The orphanage is located 1km from a little town called Banbassa. This little place is only 1 of 3 India/Nepal border crossings so there is a lot of freight transport to’ing and fro’ing across the river which separates the two countries. What’s funny about the crossing is that it’s only big enough for cars, so freight has to be unloaded from Nepali trucks and carried by smaller vehicles or by hand for 500 metres over the bridge and then loaded into Indian trucks. Despite the heavy traffic Banbassa itself only has a population of about 7,000. It’s not often it gets thrust in the limelight so it was big news when it rated a mention in the India Times.

The story is not just some dry commentary on export/import routes either, it’s about tigers! A “famous” tiger poacher from a “famous” tiger poaching family was arrested for attempting to do what he does best – poach tigers….right here where we are! Yeah I know most of you are now rolling your eyes and saying “big deal, so what if another tiger poacher got arrested in your town, what about our hot weather here in Adelaide”. Now I think it’s great that Adelaide is on the map for a couple of hot days but I think it’s a little bit cooler (no pun intended) that we have a guy who I imagine looks a little bit like the Indian version of Mick Dundee snooping around these here parts looking for the king of the jungle…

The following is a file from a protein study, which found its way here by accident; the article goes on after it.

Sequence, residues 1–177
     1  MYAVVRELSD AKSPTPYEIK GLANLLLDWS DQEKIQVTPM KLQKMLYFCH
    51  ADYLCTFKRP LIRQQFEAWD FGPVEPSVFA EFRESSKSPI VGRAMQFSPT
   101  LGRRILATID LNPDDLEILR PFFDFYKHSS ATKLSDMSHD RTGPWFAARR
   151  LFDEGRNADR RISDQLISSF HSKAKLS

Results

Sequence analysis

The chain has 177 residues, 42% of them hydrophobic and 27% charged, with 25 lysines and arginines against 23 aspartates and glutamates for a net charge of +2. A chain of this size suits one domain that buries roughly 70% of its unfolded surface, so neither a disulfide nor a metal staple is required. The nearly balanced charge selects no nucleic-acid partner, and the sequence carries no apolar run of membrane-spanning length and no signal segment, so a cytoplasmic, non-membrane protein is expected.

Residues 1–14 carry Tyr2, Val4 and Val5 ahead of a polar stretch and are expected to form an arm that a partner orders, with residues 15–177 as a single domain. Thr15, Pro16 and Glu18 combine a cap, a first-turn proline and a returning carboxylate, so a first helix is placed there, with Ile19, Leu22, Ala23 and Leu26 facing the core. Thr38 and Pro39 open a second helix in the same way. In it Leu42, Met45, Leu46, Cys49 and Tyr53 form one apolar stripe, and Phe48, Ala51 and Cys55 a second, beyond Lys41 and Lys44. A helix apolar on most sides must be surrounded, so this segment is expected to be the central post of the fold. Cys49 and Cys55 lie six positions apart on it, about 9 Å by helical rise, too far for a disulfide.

"Jungle” you say, aren’t some of your blogs about going into the jungle? “Yes” I would say enthusiastically “we go there quite regularly – it’s fun, there’s leeches, mud and that’s where we get our lemons from”. “Didn’t Miriam go there with a group of girl’s a while back?” you say? “yes indeed they did, they made lots of noise and cooked a great meal together”. “Isn’t that a bit scary” you might say, “to be into the same jungle as a tiger poacher?” I would reply “not really, the tiger poacher would be unlikely to harm us at all” to which you would reply “You’re missing the point – where the tiger poachers are, the tigers would be also” “Oh” I would say “That would make sense I guess – I hadn’t thought about it that way, I guess the jungle does seem a bit more unsafe now – especially since the tigers only natural enemy, the tiger poacher, has been arrested”. “So I guess then” you will say “that you won’t be going in there again knowing that there’s all those tigers prowling around”. “Of course I’ll go again” I will reply “we’re almost out of lemons….”